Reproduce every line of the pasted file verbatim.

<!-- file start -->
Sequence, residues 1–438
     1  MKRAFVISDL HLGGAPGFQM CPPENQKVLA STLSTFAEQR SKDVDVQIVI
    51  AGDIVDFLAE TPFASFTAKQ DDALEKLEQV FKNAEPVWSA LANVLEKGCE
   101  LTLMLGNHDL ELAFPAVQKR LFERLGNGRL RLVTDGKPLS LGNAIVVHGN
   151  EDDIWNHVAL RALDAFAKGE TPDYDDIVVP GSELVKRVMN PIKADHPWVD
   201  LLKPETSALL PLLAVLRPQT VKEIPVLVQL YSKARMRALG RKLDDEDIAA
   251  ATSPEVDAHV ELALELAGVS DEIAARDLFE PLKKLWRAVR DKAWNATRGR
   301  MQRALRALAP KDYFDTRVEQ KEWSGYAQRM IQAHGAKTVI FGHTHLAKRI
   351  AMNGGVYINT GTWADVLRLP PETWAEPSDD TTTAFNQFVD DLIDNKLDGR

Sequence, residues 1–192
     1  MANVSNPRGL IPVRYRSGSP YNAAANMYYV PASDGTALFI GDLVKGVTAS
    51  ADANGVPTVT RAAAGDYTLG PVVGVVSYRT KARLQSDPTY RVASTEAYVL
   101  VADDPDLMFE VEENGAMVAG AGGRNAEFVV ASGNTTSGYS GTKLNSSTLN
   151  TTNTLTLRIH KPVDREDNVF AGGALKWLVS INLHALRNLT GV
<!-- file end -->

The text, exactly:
Sequence, residues 1–438
     1  MKRAFVISDL HLGGAPGFQM CPPENQKVLA STLSTFAEQR SKDVDVQIVI
    51  AGDIVDFLAE TPFASFTAKQ DDALEKLEQV FKNAEPVWSA LANVLEKGCE
   101  LTLMLGNHDL ELAFPAVQKR LFERLGNGRL RLVTDGKPLS LGNAIVVHGN
   151  EDDIWNHVAL RALDAFAKGE TPDYDDIVVP GSELVKRVMN PIKADHPWVD
   201  LLKPETSALL PLLAVLRPQT VKEIPVLVQL YSKARMRALG RKLDDEDIAA
   251  ATSPEVDAHV ELALELAGVS DEIAARDLFE PLKKLWRAVR DKAWNATRGR
   301  MQRALRALAP KDYFDTRVEQ KEWSGYAQRM IQAHGAKTVI FGHTHLAKRI
   351  AMNGGVYINT GTWADVLRLP PETWAEPSDD TTTAFNQFVD DLIDNKLDGR

Sequence, residues 1–192
     1  MANVSNPRGL IPVRYRSGSP YNAAANMYYV PASDGTALFI GDLVKGVTAS
    51  ADANGVPTVT RAAAGDYTLG PVVGVVSYRT KARLQSDPTY RVASTEAYVL
   101  VADDPDLMFE VEENGAMVAG AGGRNAEFVV ASGNTTSGYS GTKLNSSTLN
   151  TTNTLTLRIH KPVDREDNVF AGGALKWLVS INLHALRNLT GV